And lest there be a moment of silence between band sets, a juke box stood over in a corner (far left in the photo on the left).

Do you really think people come here for the food? Of course not. Food is a way to soak up the contents of those long necks. The short menu was divided into Tex-Mex and Steak House categories. Under the Tex-Mex was the usual line-up of tacos, enchiladas, and burritos. Steak House included a three-quarter pound burger, a pulled pork sandwich, a grilled or fried chicken sandwich with cheese and green chilis, a beef brisket sandwich, a brat with grilled onions, breaded cod or catfish, two steaks, and – hard to believe – grilled salmon steak.

We decided or order three of the appetizers: the jumbo chicken wings, beer battered onion rings, and the Nachos Mamas – a huge plate of tortilla chips topped with refried beans, cheese, pulled pork, and green chilis with salsa, guacamole, and sour cream. We took one look at this mass of food and immediately determined what portions would return home with us for a later meal.

I suspect that the rings came frozen from a bag (then again, unless I actually see them made, I think all onion rings come frozen from a bag), but weren’t too large nor were they over-battered. The eleven very large wings had been formed into little “drumettes” which I appreciated (less sauce on the hands), but I just can’t see a macho cowboy eating a chicken drumette. The wing sauce was a little too vinegary for my taste but carried plenty of heat. And the addition of the pulled pork to the nachos was a nice touch.

This looks to be a fun place, and were I twenty years younger might enjoy a night of music, dancing, and beer. Alas, those nights are behind me. On the Addie scale, the Buffalo Chip Saloon gets a 3.5 for food, but a 5.0 for atmosphere.

(By the way, the purpose of the chicken wire cage around the stage is to protect the band from projectiles of the glass beer bottle variety. Remember the treatment Jake and Ellwood and their band, pretending to be The Good Ol' Boys, were receiving from the crowd at Bob's Country Bunker before they began playing "Rawhide?" --1980 film The Blues Brothers.)

Monday, March 29, 2010

Along the Jojoba Trail

Photographically we have returned to Bartlett Lake.

Bartlett is a small lake in the mountains northeast of Phoenix, surrounded by some beautiful Sonoran desert scenery. Because of the above average of rainfall this past winter, the desert is particularly colorful this spring.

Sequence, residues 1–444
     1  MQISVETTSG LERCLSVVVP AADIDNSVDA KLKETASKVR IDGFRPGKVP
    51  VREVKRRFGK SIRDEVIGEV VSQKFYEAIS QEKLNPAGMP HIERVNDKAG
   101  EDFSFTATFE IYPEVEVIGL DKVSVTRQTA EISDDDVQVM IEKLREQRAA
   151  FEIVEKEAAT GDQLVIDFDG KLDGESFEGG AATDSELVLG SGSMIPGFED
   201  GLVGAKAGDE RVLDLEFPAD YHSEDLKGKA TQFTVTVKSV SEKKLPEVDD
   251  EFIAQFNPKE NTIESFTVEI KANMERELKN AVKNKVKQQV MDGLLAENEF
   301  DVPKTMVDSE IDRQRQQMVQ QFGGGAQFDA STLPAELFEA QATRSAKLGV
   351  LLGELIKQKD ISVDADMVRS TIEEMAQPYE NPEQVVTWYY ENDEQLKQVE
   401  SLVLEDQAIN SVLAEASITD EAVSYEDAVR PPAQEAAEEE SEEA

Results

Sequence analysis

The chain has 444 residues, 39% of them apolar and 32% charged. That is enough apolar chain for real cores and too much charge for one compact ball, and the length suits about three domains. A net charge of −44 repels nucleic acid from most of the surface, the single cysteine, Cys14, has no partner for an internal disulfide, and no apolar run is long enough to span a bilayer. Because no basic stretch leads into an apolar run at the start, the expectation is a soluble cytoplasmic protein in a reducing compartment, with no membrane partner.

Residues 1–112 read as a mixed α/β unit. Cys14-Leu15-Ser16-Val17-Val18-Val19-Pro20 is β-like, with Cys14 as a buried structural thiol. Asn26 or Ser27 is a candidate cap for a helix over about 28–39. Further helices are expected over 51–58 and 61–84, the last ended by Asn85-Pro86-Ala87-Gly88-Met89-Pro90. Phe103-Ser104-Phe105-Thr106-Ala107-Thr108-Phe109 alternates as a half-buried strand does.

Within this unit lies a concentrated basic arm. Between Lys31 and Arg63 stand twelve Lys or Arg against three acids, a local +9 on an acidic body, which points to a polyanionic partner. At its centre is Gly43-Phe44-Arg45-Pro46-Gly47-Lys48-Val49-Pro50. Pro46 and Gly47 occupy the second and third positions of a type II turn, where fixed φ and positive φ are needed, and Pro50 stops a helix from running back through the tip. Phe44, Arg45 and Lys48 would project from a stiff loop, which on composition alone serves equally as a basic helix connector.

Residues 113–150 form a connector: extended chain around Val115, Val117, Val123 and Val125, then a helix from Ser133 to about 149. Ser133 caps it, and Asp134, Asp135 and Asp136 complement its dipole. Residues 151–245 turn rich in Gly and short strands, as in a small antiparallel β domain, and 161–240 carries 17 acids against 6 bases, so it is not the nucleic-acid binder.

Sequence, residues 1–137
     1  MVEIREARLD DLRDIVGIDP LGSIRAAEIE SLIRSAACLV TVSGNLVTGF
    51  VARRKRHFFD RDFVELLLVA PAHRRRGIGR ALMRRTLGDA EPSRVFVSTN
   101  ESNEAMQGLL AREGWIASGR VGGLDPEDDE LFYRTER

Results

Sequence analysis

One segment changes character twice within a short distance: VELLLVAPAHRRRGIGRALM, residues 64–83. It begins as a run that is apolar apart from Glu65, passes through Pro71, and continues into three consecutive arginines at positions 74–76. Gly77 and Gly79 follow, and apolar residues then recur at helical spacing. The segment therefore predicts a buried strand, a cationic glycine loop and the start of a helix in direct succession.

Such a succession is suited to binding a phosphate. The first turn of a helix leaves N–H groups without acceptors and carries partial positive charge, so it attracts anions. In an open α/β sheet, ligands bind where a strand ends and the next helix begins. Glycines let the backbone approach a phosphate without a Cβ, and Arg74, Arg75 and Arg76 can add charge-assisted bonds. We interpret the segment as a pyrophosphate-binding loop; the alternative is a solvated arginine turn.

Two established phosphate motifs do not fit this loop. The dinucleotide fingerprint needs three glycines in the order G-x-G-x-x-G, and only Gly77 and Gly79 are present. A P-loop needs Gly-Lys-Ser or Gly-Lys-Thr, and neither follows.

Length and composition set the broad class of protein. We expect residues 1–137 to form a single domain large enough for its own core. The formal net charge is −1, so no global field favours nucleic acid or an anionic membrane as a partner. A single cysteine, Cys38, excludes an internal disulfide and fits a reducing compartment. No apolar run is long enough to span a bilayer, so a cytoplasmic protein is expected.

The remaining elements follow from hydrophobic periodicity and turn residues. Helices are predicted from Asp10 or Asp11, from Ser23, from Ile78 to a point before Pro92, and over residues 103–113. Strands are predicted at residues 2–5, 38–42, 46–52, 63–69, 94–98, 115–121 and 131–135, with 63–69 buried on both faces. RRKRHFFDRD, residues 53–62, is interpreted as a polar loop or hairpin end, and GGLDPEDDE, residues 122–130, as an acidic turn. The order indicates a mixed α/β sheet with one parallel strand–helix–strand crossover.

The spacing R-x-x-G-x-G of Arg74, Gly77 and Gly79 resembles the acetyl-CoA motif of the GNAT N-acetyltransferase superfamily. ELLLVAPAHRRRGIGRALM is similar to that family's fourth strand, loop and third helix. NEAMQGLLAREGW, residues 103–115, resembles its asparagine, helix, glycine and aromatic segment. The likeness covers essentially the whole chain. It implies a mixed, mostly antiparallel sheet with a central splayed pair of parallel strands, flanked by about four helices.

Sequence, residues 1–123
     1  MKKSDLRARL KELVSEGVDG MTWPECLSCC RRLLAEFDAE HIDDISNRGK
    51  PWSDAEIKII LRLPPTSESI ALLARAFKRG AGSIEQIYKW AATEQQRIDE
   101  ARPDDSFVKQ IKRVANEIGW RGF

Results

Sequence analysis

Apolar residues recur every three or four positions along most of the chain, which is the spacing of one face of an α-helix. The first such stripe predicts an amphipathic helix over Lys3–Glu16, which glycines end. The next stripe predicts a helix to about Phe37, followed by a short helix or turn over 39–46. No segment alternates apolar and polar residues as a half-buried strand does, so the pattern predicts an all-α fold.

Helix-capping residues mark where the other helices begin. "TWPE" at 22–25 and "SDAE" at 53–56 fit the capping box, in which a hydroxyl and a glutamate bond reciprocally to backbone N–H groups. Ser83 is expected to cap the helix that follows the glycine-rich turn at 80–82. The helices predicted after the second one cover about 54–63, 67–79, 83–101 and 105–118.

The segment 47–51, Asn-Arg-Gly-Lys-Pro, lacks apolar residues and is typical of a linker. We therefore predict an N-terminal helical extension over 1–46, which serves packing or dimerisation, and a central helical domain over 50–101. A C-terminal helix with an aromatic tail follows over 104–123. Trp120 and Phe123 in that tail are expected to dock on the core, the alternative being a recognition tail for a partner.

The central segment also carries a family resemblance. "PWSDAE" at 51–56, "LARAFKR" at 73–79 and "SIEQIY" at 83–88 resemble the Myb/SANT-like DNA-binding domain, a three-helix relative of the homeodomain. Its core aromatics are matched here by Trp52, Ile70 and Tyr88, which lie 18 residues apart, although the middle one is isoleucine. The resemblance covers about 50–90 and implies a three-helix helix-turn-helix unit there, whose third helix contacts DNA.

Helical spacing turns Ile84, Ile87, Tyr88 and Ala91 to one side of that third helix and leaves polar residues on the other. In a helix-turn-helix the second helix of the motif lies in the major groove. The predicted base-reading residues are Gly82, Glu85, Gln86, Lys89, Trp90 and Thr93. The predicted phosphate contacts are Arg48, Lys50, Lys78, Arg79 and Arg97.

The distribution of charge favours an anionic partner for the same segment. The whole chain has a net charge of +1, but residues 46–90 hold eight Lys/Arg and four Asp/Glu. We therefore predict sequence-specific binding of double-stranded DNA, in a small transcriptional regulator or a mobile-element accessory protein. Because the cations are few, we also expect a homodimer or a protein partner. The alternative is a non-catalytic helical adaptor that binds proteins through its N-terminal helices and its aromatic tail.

It is the second largest lake in the Phoenix Metro Valley area, but possibly because it is about 50 miles from downtown Phoenix, it does not receive as many visitors as we had expected.

We drove to Jojoba Boating Site and walked along the shoreline. From here we could see that the marina seemed to have a large number of boats docked there, but few were on the water during the weekday morning that we visited the reservoir.

Along the one mile drive to SB Cove, we passed large beds of wildflowers along the roadside. On more than one occasion, several visitors parked along the road to photograph these bursts of color.

But it was along portions of the Palo Verde Trail and the Jojoba Trail that we found the flowers pictured here.

Information provided by the ranger at the Tonto National Forest noted that the Forest Service had partnered with the Federal Bureau of Prisons to have a women's inmate crew construct the 1.3 mile Jojoba Trail.

Sunday, March 28, 2010

It’s a Long Story

Well, not THAT long. I don’t want you to stop reading now.

We decided that our post-Phoenix and pre-Albuquerque plans (Yes, we’re headed back to Albuquerque. We’ve spent so much time there the past nine months that we should register to vote.) would include a week near the New Age capital of America, Sedona, AZ. But the on-line reviews of the nearby campgrounds were so inconclusive that a field trip was in order to check them out. . . . So we found ourselves in Camp Verde, AZ (near Sedona) looking for a spot for lunch.

We picked up a business card for a BBQ place in Cottonwood, so headed off for a lunch of pulled pork. As we pulled up to the parking lot, something was amiss. The place was closed. So we took a drive further down the road and spotted Bing’s Burger Station located in an old gas station with a classic red car parked in front. What? Closed on Sunday? On our way to the BBQ place we had passed a Mexican restaurant (Chuck wasn’t in the mood for Mexican) and a place called Murphy’s Cottonwood Grill. I guess Murphy’s it would be.

Murphy’s is one of six restaurants owned by the Fork in the Road Corporation. Other restaurants are located in Prescott (Gurley Street Grill, Murphy’s, and The Office Restaurant & Bar), Kingman (Dambar Steakhouse), and Phoenix (another The Office Restaurant & Bar). Minimally decorated in a knotty pine pseudo-Western décor, the large space was broken into discrete dining areas by knotty pine dividers. The clientele, at least during our meal, seems to be weighted heavily toward senior citizens and families with young children.